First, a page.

data from research study
Image of ground trust destroyed areas versus AI-estimated destroyed areas in Aleppo, Syria. The yellow dots show estimates of destroyed buildings using human-measurement while red areas are predicted to be destroyed by artificial intelligence (AI). Photo Credit: Mueller, H., Groger, A., Hersh, J., Matrana, A., and Serat, J., "Monitoring War Destruction from Space Using Machine Learning, Proceedings of the National Academy of Sciences

Chapman University Researchers Use Artificial Intelligence to Spot Areas of Destruction in War-Torn Syria

Orange, Calif. –Existing data on building destruction in conflict zones currently rely on eyewitness reports or manual detection, which makes it generally scarce, incomplete, and potentially biased. With satellite imagery becoming more ubiquitous, research has demonstrated that artificial intelligence applied to satellite imagery holds promise for automated detection of war-related building destruction. While these results are promising, monitoring in real-world applications requires high precision, especially when destruction is sparse and detecting destroyed buildings is equivalent to looking for a needle in a haystack.

In a new article, Jonathan Hersh, assistant professor of economics and management at Chapman University, Andrea Matranga, assistant professor of economics at Chapman University’s Smith Institute for Political Economy and Philosophy, and their colleagues introduce an automated method of measuring destruction in high-resolution satellite images using deep-learning techniques combined with label augmentation and spatial and temporal smoothing.

The team processed the images through an artificial intelligence (CNN) model. Then, they processed the artificial intelligence’s predictions through a second machine learning stage. This second stage looked at temporal and spatial anomalies that would lead the artificial intelligence to update its probability that a building is damaged.

Published in Proceedings of the National Academy of Sciences of the United States of America (PNAS), this research demonstrates that exploiting the persistent nature of building destruction can substantially improve the training of automated destruction monitoring. As a proof of concept, the researchers applied their automated method to the Syrian civil war and reconstructed the evolution of damage in major cities across the country.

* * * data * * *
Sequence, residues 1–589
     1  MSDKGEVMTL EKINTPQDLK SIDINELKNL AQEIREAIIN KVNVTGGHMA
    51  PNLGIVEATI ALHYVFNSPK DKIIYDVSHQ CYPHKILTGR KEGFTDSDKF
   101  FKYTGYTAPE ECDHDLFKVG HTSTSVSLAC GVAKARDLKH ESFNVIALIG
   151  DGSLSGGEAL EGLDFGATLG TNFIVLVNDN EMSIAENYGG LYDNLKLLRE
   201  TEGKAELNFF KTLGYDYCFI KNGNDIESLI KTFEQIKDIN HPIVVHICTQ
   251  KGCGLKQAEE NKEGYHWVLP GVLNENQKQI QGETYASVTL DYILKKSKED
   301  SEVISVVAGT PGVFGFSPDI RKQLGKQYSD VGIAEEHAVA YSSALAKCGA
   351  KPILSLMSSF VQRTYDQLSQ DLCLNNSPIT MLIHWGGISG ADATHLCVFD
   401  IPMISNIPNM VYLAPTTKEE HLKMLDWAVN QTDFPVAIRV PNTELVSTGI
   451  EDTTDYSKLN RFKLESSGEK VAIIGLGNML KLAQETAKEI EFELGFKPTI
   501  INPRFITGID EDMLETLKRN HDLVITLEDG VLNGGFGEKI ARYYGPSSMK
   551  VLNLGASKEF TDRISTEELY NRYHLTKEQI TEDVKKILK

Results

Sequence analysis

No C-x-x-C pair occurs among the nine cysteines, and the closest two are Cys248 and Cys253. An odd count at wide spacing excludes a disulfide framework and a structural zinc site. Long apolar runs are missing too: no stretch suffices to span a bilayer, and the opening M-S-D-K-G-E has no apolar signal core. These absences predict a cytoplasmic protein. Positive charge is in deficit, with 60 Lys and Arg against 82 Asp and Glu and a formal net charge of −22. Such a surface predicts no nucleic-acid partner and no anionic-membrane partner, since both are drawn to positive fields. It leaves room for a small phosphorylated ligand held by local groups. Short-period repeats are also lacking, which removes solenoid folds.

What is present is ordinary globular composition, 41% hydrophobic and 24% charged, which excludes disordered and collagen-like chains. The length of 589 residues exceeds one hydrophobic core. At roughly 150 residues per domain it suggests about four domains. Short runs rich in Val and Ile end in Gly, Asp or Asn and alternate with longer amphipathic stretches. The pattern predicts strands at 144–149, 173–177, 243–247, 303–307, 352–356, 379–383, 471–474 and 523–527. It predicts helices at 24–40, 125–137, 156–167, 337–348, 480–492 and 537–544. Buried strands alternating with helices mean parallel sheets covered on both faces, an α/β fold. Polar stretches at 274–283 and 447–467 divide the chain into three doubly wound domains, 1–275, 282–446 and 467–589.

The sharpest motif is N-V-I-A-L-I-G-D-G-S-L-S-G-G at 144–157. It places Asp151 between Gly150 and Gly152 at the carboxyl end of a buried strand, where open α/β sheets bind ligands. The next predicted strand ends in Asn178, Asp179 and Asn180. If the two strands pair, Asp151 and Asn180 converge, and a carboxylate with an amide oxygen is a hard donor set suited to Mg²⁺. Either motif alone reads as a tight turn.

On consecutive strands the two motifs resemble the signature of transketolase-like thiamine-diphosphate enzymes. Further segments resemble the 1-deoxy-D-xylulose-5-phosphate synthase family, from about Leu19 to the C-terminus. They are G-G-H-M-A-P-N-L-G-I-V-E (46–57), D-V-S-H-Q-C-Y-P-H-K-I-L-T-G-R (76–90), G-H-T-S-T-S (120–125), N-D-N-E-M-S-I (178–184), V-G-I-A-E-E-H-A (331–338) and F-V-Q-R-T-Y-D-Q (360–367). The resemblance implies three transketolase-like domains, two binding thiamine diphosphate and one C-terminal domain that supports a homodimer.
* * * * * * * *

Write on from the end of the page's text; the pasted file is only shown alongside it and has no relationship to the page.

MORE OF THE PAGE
“We believe this research shows that, using the artificial intelligence outlined in the article, it is feasible to create an automated, real-time detector of bombing damage that shows where violence is occurring anywhere in the world,” said Hersh, Ph.D., who teaches at the Argyros School of Business and Economics at Chapman. “There are still problems to be solved before this can be operationalized, but we believe this is a huge leap forward.”

This approach allows generating destruction data with unprecedented scope, resolution, and frequency—and makes use of the ever-higher frequency at which satellite imagery becomes available.

data from research study
The estimated extent of bombing damage in Aleppo, Syria. The red areas show buildings which sustained estimated bombing damage during the Syrian Civil War while areas in green show no estimated bombing damage. Photo Credit: Mueller, H., Groger, A., Hersh, J., Matrana, A., and Serat, J., “Monitoring War Destruction from Space Using Machine Learning,” Proceedings of the National Academy of Sciences

The paper also makes a significant contribution in using machine learning for situations where there are limited examples of the event occurring. By using reasonable contextual information about the event, the researchers showed that they can greatly increase the number of usable examples.

“We observed buildings in Aleppo over 23 different time periods, but only know with certainty whether a building is damaged or not for four of those time periods. However, using the reasonable assumption that no reconstruction occurs over the time period, we greatly increased the number of examples. More examples allow our artificial intelligence model to be much more precise than if it only saw a smaller number of examples,” said Hersh.

The researchers seek to expand on the methods pioneered in this study by scaling their algorithm to other locations where violence might be occurring and by building a website to present an early warning indicator of bombing damage for humanitarian use.

The research paper is titled “Monitoring war destruction from space using machine learning.” Hersh and Matranga were joined in the research by Hannes Mueller at the Institute for Economic Analysis (IAE), Spanish Council for Scientific Research (CSIC); and Andre Groeger and Joan Serrat at The Autonomous University of Barcelona.



About Chapman University
Founded in 1861, Chapman University is a nationally-ranked private university located in Southern California. Chapman is categorized by the Carnegie Classification as an R2 “high research activity” institution and offers personalized education to more than 9,000 undergraduate and graduate students. The campus has produced a Rhodes Scholar, been named a top producer of Fulbright Scholars and hosts a chapter of Phi Beta Kappa, the nation’s oldest and most prestigious honor society. Based in the City of Orange, Chapman also includes the Harry and Diane Rinker Health Science Campus in Irvine. In 2019, the university opened its 11th college, Fowler School of Engineering, in its newest facility, Keck Center for Science and Engineering. Learn more about Chapman University:

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